Miraim Shaviv, who for a time blogged on the iconic Protocols blog, and then at Bloghead, has been for quite some time the comments editor at the Diaspora's iconic Jewish newspaper, the venerable London Jewish Chronicle.
So how did we reach a situation where a group of women believes that this sick behaviour is actually a Jewish ideal? … No rabbis publicly condone it. Several [burka-wearing haredi] women quoted by Ha’aretz complained they were harassed and rejected by their peers.
And yet, the “frumka” is the logical extension of two clear trends in the frum world.
Firstly, standards of modesty are becoming increasingly stringent and require increasing effort to follow. A CD recording by a top rabbi from Lakewood, New Jersey, for example, reportedly asks women not to swing their arms while they walk and not to allow their daughters to wear colourful banana-clips in their hair. Women know that if they wear skin-coloured stockings, they must include a seam so it is clear they are not bare-legged. Schoolgirls do not wear shiny shoes that could “reflect their underwear”.…
Secondly, tznius, or modesty, has long moved from being about modest clothing to being about keeping women, and images of women, away from men.
Open a Charedi newspaper, and there are either no images of women, or they are blacked out.…a top rabbi in Bnai Brak asked women to leave before the end of shul so they did not mingle with men following davening; that same town has a street with separate sides for men and women…
Just last week, a sheitel shop in New York was boycotted for refusing to remove headshots of women wearing wigs from its window.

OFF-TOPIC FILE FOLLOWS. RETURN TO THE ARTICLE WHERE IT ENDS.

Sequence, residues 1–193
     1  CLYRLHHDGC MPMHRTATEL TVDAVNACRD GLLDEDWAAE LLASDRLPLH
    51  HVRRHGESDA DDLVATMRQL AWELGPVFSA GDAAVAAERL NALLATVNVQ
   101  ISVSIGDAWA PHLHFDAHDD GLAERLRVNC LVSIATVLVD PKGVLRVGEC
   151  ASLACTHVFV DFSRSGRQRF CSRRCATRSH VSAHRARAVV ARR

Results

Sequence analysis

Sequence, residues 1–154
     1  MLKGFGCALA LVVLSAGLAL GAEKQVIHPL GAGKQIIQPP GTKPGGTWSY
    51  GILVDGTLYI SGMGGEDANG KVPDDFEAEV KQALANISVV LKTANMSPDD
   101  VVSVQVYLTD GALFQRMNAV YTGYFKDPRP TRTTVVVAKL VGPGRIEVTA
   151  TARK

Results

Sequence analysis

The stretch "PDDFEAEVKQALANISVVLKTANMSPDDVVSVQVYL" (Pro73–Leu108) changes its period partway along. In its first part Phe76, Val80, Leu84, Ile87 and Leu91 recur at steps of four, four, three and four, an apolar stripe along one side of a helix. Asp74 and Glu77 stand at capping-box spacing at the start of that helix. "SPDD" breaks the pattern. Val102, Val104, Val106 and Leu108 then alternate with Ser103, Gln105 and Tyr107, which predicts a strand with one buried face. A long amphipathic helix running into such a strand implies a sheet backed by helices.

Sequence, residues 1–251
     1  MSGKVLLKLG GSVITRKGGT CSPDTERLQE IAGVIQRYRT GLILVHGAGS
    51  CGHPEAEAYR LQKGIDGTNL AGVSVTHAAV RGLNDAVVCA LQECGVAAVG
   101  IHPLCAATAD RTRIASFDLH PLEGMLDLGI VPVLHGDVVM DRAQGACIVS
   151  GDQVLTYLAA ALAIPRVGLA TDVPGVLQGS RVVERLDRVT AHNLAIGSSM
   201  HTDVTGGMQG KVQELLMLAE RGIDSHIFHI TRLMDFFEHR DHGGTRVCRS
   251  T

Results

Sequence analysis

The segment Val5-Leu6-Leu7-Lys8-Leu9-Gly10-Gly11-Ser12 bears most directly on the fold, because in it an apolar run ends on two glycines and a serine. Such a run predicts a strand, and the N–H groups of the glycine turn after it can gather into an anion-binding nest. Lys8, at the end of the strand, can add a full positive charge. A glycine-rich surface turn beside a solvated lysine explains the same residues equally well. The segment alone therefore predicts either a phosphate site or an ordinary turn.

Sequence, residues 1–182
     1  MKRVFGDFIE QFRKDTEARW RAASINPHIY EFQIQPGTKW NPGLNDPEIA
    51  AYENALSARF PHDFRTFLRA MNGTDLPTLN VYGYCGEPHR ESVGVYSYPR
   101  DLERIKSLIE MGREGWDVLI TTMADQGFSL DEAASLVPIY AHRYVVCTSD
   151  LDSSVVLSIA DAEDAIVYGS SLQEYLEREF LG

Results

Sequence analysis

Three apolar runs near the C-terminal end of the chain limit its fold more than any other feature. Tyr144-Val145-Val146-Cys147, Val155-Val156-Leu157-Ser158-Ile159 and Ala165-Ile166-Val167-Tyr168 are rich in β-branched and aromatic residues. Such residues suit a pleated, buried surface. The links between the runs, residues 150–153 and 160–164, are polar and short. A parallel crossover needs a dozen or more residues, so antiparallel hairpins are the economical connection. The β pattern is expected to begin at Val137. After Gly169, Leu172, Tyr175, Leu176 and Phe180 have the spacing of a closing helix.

But since when is looking at women’s faces forbidden? It’s not.
The fact is that, in the Orthodox world today, women are already being pushed out of the public sphere. The rabbis may not understand the Pandora’s Box they have opened, but the jump from the Brooklyn sheitel store to the burka-wearers in Israel is not that great.
I think the answer is simpler than what Miriam proposes. What she writes is true, but I think the essence of the problem is really this – extremists run today's haredi society.
From its leading rabbis – Elyashiv, Shteinman and Alter (the Gerrer Rebbe) – to the curriculum in its yeshivot and seminaries, moderation is nowhere to be found.
The Chafetz Chaim ran a store and was a town rabbi.
Rabbi Shteinman is glorified as a man who has no idea how a credit card or modern banking works. He is not the rabbi of a town or city.
Rabbi Elyashiv has not yet met a moderate Orthodox rabbi he would not like to ban or a Modern Orthodox institution he would not like to take over or destroy. He, too, is not a town or city rabbi and has no practical knowledge of the day-to-day lives of non-haredi Jews.
50 years ago, following the majority halakhic opinion (unless your rabbi specifically held differently) was the gold standard of Orthodox observance.
Today, yeshivot compete with each other over the number and type of humrot, stringencies, they follow and teach, as much as over the quality of student they produce. And the gold standard for observance is not following the majority opinion – it is following the majority opinion along with as many minority opinions as possible, no matter the extra trouble or cost.
Yes, Jewish burkas are a direct outgrowth of haredi misogyny. In that, Miriam Shavivv is correct.
But that misogyny itself is a direct outgrowth of the rabid, regressive, self-indulgent fundamentalism that now rules haredism.
That fundamentalism is the haredi Volvo, the haredi $1500 custom tailored suit, the haredi status symbol par excellence.
It is this generation's curse. It may very well be its downfall, as well.
UPDATE: A Mother in Israel has posted three pictures of Jewish women in burkas at a haredi wedding in Israel. The women do not look as if they are being ostracized.